For step 3 you are able to connect the slide potentiometer to **any Analog Port** but make sure you change the command with the corresponding port number.


 If you are using **Raspberry Pi with Raspberrypi OS >= Bullseye**, you have to use this command line **only with Python3**.
  • Step 1. Follow Setting Software to configure the development environment.
  • Step 2. Download the source file by cloning the library.
cd ~
git clone

  • Step 3. Excute below commands to run the code.
python3 0

Following is the code.

import math
import sys
import time
from grove.adc import ADC

class GroveSlidePotentiometer(ADC):
def __init__(self, channel): = channel
self.adc = ADC()

def value(self):

Grove = GroveSlidePotentiometer

def main():
if len(sys.argv) < 2:
print('Usage: {} adc_channel'.format(sys.argv[0]))

sensor = GroveSlidePotentiometer(int(sys.argv[1]))

while True:
print('Slide potentiometer value: {}'.format(sensor.value))

if __name__ == '__main__':

If everything goes well, you will be able to see the following result

pi@raspberrypi:~/ $ python3 0
Slide potentiometer value: 987
Slide potentiometer value: 988
Slide potentiometer value: 986
Slide potentiometer value: 8
Slide potentiometer value: 2
Slide potentiometer value: 0
Slide potentiometer value: 1
Slide potentiometer value: 0
Slide potentiometer value: 24
Slide potentiometer value: 0
Slide potentiometer value: 0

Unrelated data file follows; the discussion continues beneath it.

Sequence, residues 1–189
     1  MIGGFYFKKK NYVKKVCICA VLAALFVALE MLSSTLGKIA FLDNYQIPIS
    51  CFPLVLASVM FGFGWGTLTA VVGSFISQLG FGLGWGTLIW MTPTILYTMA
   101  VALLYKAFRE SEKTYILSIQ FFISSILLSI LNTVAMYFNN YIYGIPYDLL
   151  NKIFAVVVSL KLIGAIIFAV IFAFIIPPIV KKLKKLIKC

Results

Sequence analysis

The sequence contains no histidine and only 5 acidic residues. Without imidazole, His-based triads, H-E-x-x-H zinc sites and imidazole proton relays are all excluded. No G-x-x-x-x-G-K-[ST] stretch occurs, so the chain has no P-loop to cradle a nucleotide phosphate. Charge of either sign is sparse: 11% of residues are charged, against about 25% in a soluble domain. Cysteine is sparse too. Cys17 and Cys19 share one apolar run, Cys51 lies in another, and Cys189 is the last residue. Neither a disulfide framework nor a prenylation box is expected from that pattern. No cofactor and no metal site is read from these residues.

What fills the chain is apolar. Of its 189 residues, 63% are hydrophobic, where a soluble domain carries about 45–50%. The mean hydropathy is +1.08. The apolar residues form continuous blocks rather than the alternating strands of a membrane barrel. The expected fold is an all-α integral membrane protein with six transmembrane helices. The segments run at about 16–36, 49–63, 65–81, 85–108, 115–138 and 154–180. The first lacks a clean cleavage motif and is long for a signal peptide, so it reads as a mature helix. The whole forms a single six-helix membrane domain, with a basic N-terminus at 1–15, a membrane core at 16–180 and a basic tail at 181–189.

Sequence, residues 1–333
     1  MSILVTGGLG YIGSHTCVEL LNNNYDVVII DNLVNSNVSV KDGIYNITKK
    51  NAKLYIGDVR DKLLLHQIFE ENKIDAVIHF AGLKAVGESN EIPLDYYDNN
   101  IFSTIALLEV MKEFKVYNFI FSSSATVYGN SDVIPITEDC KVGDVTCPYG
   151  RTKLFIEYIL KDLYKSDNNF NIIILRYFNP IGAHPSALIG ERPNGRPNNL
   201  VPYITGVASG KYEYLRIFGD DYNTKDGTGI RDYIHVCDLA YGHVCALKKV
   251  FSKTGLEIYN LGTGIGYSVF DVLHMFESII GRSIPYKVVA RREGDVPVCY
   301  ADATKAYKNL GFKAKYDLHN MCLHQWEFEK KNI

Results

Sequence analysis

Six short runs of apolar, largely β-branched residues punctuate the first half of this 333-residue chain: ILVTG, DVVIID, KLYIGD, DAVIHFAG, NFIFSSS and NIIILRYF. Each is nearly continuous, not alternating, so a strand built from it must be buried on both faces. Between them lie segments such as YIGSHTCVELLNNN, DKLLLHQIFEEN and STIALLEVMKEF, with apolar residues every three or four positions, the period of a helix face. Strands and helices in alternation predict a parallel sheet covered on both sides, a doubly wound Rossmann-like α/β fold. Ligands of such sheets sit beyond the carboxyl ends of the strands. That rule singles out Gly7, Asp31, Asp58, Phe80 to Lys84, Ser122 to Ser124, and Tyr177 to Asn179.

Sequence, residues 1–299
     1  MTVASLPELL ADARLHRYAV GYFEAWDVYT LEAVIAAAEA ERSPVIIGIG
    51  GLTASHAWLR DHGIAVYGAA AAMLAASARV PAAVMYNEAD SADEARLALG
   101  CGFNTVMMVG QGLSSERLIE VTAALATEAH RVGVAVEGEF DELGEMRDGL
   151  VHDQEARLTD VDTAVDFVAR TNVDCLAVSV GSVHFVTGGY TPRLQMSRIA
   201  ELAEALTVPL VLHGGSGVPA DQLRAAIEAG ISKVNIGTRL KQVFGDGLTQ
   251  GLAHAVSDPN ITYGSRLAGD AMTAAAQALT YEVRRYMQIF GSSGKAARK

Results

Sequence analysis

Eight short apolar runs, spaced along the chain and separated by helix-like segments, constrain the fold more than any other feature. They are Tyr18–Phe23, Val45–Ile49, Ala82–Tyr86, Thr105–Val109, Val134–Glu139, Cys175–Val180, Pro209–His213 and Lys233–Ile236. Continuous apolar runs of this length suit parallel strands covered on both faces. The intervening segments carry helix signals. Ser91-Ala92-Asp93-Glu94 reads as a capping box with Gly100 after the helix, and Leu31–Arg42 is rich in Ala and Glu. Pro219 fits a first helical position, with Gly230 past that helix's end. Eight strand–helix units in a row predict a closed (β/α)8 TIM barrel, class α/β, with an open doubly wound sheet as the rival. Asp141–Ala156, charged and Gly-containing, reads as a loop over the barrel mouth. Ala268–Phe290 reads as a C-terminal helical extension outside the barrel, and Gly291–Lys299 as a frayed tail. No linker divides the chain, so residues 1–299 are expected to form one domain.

Slide potentiometer value: 11
Slide potentiometer value: 995
Slide potentiometer value: 999
Slide potentiometer value: 999
^CTraceback (most recent call last):
File "", line 66, in <module>
File "", line 62, in main

You can quit this program by simply press ++ctrl+c++.

:::notice You may have noticed that for the analog port, the silkscreen pin number is something like A0, A1, however in the command we use parameter 0 and 1, just the same as digital port. So please make sure you plug the module into the correct port, otherwise there may be pin conflicts. :::

Play With Raspberry Pi (with GrovePi_Plus)

 If you are using **Raspberry Pi with Raspberrypi OS >= Bullseye**, you have to use this command line **only with Python3**.

1.You should have got a raspberry pi and a grovepi or grovepi+.


  • Plug the sensor to grovepi socket A0 by using a grove cable.

4.Navigate to the demos' directory:

    cd yourpath/GrovePi/Software/Python/
  • To see the code
    nano   # "Ctrl+x" to exit #
import time
import grovepi

# Connect the Grove Slide Potentiometer to analog port A0
slide = 0 # pin 1 (yellow wire)

# The device has an onboard LED accessible as pin 2 on port A0
led = 1 # pin 2 (white wire)


while True:
# Read sensor value from potentiometer
sensor_value = grovepi.analogRead(slide)

# Illuminate onboard LED
if sensor_value > 500:

print "sensor_value =", sensor_value

except IOError:
print "Error"

5.Run the demo.

sudo python3